- New data shows four commercially-fished tuna species are on the path to recovery.
- However, there are regional differences in the recovery, and bad news for other species in the updated IUCN Red List of Threatened Species.
- Experts have called for all regional fisheries management organizations to catch up and set fishing quotas in line with scientific advice.
- Sustainable and science-backed management of fisheries are a key part of the UN's Sustainable Development Goals.
- A healthy ocean is vital as a food source, for livelihoods and in combatting climate change.
Four commercially-fished tuna species are on the path to recovery, according to the updated International Union for Conservation of Nature's (IUCN) Red List of Threatened Species.
Seven of the most commercially fished tuna species were assessed in the update, with four of them showing signs of recovery:
- Atlantic bluefin moved from Endangered to Least Concern
- Southern bluefin moved from Criticially Endangered to Endangered
- Albacore and yellowfin both moved from Near Threatened to Least Concern.
The importance of careful management
The IUCN explains that these recoveries are the result of greater enforcement of more sustainable fishing quotas and work to combat illegal fishing.
“These Red List assessments are proof that sustainable fisheries approaches work, with enormous long-term benefits for livelihoods and biodiversity. We need to continue enforcing sustainable fishing quotas and cracking down on illegal fishing,” said Dr Bruce B Collette, Chair of the IUCN SSC Tuna and Billfish Specialist Group. “Tuna species migrate across thousands of kilometres, so coordinating their management globally is also key.”
It's vital that all fisheries - not just tuna - are carefully managed, explains Gemma Parkes of the Friends of Ocean Action at the World Economic Forum. This management should be done in a consistent and precautionary way - and based on the best available scientific advice.
Not all good news
The IUCN's update is not all good news for tuna species, though. Although there are positive signs on a global level, there are regional disparities, with many stocks still severely depleted.
The larger, eastern population of Atlantic bluefin, which originates in the Mediterrean, has increased by at least 22% over the past four decades. But, the smaller, native western Atlantic population, which originates in the Gulf of Mexico, has declined by more than half in that period.
And the updated list showed bad news for other ocean species. More than a third of the world's shark and ray species are now threatened with extinction - with all these threatened species overfished. Many are also affected by loss and degradation of habitat and climate change.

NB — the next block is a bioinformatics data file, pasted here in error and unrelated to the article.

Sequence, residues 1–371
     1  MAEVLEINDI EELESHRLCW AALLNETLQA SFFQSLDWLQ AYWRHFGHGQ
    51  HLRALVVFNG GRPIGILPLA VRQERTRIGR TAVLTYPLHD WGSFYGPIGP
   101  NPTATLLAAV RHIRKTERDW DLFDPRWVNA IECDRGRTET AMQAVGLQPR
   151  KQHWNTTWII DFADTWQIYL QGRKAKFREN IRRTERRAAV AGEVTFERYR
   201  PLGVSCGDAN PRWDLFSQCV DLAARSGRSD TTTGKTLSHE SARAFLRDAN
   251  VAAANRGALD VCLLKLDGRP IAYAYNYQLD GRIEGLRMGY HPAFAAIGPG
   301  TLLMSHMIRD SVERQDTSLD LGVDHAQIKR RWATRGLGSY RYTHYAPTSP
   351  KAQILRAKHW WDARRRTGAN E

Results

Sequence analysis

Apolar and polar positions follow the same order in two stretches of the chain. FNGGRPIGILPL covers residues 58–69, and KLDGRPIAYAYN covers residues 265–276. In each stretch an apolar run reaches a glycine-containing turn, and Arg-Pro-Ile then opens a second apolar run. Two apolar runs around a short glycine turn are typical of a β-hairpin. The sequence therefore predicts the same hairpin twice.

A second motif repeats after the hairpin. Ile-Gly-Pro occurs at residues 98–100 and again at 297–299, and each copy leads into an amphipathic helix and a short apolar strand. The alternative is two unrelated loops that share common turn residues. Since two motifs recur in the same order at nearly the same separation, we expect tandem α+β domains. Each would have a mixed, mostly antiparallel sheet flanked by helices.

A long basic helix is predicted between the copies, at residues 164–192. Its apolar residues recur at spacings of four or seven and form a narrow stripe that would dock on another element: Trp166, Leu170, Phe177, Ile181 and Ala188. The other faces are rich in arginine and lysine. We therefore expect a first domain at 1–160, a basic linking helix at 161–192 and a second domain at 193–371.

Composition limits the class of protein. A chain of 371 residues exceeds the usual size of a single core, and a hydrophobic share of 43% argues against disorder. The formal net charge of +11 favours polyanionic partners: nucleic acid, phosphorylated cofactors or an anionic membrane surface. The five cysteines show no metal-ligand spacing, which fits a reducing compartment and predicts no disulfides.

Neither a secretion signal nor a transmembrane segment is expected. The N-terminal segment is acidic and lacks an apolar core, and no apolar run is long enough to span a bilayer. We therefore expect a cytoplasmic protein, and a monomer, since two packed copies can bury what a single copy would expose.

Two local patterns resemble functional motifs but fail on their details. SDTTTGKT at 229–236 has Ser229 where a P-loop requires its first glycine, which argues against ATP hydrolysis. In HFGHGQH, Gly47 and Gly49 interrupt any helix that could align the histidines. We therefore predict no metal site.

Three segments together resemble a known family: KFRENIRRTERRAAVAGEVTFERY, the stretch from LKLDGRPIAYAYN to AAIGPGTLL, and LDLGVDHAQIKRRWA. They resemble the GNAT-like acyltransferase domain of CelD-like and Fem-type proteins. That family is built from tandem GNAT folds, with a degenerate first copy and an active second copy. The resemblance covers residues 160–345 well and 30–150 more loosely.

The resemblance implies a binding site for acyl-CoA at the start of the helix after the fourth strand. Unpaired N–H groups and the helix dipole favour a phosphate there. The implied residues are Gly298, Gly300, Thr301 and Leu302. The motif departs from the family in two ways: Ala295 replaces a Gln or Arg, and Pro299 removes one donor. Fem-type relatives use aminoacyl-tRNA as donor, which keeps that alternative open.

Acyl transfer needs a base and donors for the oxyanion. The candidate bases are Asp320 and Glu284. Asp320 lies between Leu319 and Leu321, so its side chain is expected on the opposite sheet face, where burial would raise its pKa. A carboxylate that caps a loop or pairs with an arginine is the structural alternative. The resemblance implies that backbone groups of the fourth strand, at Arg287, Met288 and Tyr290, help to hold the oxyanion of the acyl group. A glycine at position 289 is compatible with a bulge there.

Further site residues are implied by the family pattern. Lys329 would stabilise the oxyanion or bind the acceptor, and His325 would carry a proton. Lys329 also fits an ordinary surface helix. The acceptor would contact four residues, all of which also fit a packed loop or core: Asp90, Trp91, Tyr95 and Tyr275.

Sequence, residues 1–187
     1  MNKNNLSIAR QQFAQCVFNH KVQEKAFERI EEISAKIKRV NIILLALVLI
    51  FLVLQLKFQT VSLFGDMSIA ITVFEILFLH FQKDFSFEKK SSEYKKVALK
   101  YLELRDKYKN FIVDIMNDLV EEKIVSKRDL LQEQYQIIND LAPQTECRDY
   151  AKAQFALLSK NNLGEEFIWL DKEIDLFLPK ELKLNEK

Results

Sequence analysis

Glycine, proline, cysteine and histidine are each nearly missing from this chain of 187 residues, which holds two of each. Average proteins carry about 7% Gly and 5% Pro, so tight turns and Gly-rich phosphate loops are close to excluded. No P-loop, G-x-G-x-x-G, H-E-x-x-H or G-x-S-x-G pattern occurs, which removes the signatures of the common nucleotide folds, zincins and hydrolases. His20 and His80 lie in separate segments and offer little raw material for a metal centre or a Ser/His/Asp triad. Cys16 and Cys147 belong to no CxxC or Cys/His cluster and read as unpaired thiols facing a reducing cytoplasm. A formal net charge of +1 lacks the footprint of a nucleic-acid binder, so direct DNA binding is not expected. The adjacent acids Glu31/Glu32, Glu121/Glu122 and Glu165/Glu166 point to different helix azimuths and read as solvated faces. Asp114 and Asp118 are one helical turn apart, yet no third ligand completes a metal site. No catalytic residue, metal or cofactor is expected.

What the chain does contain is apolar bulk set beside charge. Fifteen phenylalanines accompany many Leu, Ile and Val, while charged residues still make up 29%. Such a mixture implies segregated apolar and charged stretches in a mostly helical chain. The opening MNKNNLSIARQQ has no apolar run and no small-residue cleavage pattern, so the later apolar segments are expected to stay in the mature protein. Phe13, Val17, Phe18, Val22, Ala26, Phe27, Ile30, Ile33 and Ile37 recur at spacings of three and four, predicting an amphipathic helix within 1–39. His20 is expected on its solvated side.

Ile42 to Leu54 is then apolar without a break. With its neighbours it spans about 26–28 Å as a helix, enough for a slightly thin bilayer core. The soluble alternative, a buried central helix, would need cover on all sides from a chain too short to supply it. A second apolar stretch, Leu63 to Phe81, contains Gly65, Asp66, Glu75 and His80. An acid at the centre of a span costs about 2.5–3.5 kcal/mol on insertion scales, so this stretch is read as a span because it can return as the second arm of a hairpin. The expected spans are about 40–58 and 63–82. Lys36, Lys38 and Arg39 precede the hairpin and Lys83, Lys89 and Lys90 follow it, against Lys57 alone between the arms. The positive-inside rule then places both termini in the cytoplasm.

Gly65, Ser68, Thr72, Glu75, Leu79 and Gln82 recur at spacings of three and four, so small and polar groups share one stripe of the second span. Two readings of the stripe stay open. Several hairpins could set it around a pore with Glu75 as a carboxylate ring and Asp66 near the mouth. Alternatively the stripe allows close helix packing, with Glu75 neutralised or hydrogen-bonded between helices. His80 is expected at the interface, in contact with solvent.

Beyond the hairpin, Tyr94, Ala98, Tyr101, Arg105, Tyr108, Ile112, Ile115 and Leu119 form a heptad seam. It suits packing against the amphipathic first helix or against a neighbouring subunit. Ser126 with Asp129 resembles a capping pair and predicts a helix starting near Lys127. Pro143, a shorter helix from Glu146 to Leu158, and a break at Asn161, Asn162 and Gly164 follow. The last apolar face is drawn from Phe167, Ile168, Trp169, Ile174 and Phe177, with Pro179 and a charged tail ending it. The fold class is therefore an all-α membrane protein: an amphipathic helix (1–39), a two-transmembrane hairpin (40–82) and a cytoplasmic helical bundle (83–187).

But, as Dr Bruno Oberle, IUCN Director General, explains, "[The] IUCN Red List update is a powerful sign that, despite increasing pressures on our oceans, species can recover if states truly commit to sustainable practices."
What's the World Economic Forum doing about the ocean?
Our ocean covers 70% of the world’s surface and accounts for 80% of the planet’s biodiversity. We can't have a healthy future without a healthy ocean - but it's more vulnerable than ever because of climate change and pollution.
Tackling the grave threats to our ocean means working with leaders across sectors, from business to government to academia.
The World Economic Forum, in collaboration with the World Resources Institute, convenes the Friends of Ocean Action, a coalition of leaders working together to protect the seas. From a programme with the Indonesian government to cut plastic waste entering the sea to a global plan to track illegal fishing, the Friends are pushing for new solutions.
Climate change is an inextricable part of the threat to our oceans, with rising temperatures and acidification disrupting fragile ecosystems. The Forum runs a number of initiatives to support the shift to a low-carbon economy, including hosting the Alliance of CEO Climate Leaders, who have cut emissions in their companies by 9%.
Is your organization interested in working with the World Economic Forum? Find out more here.
A sustainable approach and why the ocean matters
Tackling the issue of overfishing and its impact on marine life, as well as other challenges like climate change, is a key part of the United Nations' Sustainable Development Goals (SDGs).
SDG 14 'Life Below Water' is focused on just this. Explanatory notes for the goal say that "careful management of this essential global resource is a key feature of a sustainable future". And target 14.4 focuses specifically on the need for effective regulation to end overfishing and for science-based management plans in order to restore fish stocks.
All of this matters because of the crucial role a healthy ocean plays - as a food source, for livelihoods and as a key weapon in the fight against climate change.
Because, as Peter Thomson, UN Special Envoy for the Ocean and Co-Chair of Friends of Ocean Action told the World Economic Forum in August, "you can't have a healthy planet without a healthy ocean".